The Wind, the Lion, and Rosita Forbes

TALIM Rosita and Raisuli b wYou may have heard of Isabelle Eberhardt, intrepid explorer and writer in turn of the 19th-20th century Algeria, and you've probably heard of Gertrude Bell, contemporary of Lawrence of Arabia and familiar with the same geography.

But chances are you may not have come across Rosita Forbes, a prolific English adventurer and writer, author of a number of books on her travels in North Africa and Central Asia.

The photo at left is one of many in her 1924 account of a legendary figure of early 20th century Morocco: The Sultan of the Mountains: The Life of Story of Raisuli.  Raisuli was also known as Raisuni.

At the American Legation, we're used to recounting the story of the kidnapping of Tangier American Ion Perdicaris by Raisuli.  "Perdicaris Alive Or Raisuli Dead!" was the rallying cry of Theodore Roosevelt's gunboat diplomacy to liberate Mr. P.

The true story is exciting enough (kidnapping, US battleships in Tangier harbor, Marines guarding legations), but it had to be sexed up by Hollywood, whose The Wind and the Lion cast Candace Bergen in the role of the kidnap victim, swept away by the handsome Raisuli, played by Sean Connery.

But here's what author Margaret Bald (From the Sahara to Samarkand: Selected Travel Writings of Rosita Forbes, 1919-1937) has to say about the inspiration for the film:

Years ago, when I first began traveling to Morocco, I had read Forbes’s biography of the Moroccan brigand Raisuli and had found aspects of it fascinating. I had seen John Milius’s 1975 film, The Wind and the Lion, with Sean Connery as the Raisuli, which owed a lot to Forbes’s portrait of the Raisuli and her relationship with him.

"Relationship" nowadays might imply more than your usual subject-biographer rapport, and I understand that local lore has it that Rosita Forbes was romantically involved with Raisuli, something that Margaret Bald did not imply and in fact qualifies as "nonsense."  In a comment to this post, Margaret Bald adds this:

For The Wind and the Lion, Milius used Raisuli quotes from Forbes verbatim in his dialogue, imbued his character of Raisuli with the charisma Rosita described, and drew on some aspects of Rosita's relationship with the Raisuli as she described it in her book for his portrayal of the Sean Connery-Candice Bergen attraction. But that aspect of the movie, as well as many others, was highly fictionalized.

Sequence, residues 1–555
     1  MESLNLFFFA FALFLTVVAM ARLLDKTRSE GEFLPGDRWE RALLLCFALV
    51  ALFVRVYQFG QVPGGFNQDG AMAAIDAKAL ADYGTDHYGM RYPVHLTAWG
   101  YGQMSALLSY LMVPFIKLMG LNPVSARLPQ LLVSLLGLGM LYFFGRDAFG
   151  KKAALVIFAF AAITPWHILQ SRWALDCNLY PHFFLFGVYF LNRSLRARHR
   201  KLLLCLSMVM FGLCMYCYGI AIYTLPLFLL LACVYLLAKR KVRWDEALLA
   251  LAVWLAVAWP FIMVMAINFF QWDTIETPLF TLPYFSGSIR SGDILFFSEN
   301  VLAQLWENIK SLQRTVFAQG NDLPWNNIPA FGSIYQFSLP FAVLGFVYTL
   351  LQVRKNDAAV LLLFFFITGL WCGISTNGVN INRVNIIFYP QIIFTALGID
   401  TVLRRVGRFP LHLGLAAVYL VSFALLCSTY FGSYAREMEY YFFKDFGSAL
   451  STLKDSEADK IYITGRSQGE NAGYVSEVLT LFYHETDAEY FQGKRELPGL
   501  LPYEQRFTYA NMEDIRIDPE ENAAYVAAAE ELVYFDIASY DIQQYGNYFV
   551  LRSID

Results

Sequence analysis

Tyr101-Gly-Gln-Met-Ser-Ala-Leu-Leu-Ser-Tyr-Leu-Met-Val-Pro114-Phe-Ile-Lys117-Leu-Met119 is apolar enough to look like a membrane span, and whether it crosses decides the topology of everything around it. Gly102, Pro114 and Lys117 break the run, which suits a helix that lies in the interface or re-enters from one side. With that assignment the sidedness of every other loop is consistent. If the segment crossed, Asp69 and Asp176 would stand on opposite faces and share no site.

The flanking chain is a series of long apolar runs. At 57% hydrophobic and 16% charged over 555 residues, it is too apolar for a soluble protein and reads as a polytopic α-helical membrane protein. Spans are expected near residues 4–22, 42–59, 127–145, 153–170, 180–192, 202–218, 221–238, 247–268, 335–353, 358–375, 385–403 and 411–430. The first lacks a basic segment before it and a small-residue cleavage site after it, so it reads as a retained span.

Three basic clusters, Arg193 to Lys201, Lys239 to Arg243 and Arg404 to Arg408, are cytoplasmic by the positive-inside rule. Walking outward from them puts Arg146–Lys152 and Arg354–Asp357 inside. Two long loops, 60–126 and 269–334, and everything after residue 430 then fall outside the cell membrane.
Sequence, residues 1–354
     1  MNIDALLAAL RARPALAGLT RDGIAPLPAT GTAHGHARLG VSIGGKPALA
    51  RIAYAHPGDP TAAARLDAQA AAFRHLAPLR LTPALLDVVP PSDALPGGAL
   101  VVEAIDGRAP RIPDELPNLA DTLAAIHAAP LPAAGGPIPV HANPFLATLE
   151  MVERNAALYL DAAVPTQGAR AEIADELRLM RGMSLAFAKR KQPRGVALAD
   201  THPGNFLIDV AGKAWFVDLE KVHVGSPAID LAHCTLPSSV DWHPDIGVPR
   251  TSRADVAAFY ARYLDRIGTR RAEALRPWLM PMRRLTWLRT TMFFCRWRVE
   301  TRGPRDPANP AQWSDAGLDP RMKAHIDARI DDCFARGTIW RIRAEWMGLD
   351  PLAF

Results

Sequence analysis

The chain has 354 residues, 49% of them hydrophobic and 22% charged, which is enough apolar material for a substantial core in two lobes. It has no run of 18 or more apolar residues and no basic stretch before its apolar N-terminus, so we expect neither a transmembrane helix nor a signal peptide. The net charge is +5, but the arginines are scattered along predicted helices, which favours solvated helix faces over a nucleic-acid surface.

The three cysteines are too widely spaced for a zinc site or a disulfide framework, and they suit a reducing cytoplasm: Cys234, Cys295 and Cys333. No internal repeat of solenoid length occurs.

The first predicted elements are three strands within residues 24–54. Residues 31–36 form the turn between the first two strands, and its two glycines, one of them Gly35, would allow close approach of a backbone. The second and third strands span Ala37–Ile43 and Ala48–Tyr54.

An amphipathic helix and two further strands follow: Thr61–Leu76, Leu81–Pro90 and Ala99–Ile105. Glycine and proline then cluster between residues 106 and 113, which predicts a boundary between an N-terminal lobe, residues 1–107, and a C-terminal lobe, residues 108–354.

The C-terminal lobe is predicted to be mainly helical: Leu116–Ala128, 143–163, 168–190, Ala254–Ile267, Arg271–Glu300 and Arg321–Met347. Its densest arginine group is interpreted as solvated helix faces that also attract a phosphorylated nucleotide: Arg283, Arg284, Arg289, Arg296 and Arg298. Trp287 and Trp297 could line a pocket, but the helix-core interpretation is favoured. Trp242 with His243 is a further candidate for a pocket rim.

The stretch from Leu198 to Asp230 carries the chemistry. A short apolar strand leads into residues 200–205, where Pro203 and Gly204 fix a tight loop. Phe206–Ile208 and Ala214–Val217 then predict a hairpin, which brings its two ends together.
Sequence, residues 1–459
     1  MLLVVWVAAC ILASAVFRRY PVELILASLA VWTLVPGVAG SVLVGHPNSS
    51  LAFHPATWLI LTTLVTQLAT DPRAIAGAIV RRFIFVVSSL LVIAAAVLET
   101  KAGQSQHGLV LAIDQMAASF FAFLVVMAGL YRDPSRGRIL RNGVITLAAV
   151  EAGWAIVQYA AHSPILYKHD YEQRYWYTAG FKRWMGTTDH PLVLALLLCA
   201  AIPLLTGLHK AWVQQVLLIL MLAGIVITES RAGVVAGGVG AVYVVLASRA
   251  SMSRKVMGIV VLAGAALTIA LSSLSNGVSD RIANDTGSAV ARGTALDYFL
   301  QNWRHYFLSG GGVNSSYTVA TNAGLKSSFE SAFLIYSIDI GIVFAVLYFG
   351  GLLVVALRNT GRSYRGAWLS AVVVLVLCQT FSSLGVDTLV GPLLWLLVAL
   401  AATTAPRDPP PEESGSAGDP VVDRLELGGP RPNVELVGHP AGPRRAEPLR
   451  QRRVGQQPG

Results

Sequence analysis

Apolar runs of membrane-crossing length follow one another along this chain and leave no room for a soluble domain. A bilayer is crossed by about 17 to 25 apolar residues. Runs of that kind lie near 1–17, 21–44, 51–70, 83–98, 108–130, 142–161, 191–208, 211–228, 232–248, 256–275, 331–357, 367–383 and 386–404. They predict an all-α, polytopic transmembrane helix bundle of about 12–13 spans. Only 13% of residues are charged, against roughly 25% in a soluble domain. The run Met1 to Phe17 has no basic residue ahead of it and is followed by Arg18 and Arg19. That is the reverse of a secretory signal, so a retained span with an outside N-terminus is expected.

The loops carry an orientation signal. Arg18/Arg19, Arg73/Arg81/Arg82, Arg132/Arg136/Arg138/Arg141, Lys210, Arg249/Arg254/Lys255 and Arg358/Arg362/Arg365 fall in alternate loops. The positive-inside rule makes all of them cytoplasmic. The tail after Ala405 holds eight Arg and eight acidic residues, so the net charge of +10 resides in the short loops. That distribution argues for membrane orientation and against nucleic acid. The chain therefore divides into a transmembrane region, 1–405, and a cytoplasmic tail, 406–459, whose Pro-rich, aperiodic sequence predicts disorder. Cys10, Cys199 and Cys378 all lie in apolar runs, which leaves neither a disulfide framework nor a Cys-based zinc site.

So though the Milius film really did mangle history, there's no doubting that Raisuli was taken with Rosita Forbes:

… there came to visit us the beautiful, the precious pearl, the learned, the well-educated Sayeda Rosita Forbes, the Englishwoman. [From the Arabic dedication to the book].

For her part, Forbes writes of Raisuli's "fabulous glamour" and "his charm, as powerful as it is elusive."

A year after Forbes published her book, Raisuli was captured by the forces of Rif Republic rebel Abd el Krim, and died in captivity.  His "brigand" ways – kidnapping, ransoming, switching allegiance – had finally led to his downfall.

Gerald Loftus

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2 Responses to The Wind, the Lion, and Rosita Forbes

  1. Edward L Peck says:

    Rosita Forbes and The Wind and the Lion
    The movie is what everyone remembers, of course, forgetting that it’s objective was not to report history accurately as much as it was to make money. The obvious clues, but who really cares: Candace Bergen as Perdicaris, Connery as Ruisuli. Makes a much better, far more marketable story than if they had cast actors who looked like the people in the photo.
    Abd el Karim has his own memorial, an operetta and film called The Dessert Song. Much more enjoyable.
    Ed Peck

  2. Margaret Bald says:

    Hello, Thanks for introducing your readers to Rosita Forbes and to the anthology of her writing I edited. When I referred in my biographical essay on Forbes in the book’s intro and in the Q & A on my publisher’s Web site to Forbes’s “relationship” with the Raisuli, I was not implying in any way that they had a romantic or sexual relationship. I think that’s complete nonsense. Rosita did indeed find him fascinating and charismatic, and he seemed to be charmed by her. But she was highly professional and focused on her goal of writing the book about Raisuli she was commissioned to produce–and used her appeal and charm to help get the story she wanted, as she often did–and that’s all. And of more interest to the Raisuli than Rosita’s person–as he was quite shrewd and attuned to politics beyond Morocco’s shores–was the fact that she was going to be publishing a biography in Europe and America that expressed his own perspective on his life. For Wind and the Lion, Milius used Raisuli quotes from Forbes verbatim in his dialogue, imbued his character of Raisuli with the charisma Rosita described, and drew on some aspects of Rosita’s relationship with the Raisuli as she described it in her book for his portrayal of the Sean Connery-Candice Bergen attraction. But that aspect of the movie, as well as many others, was highly fictionalized.
    All the best,

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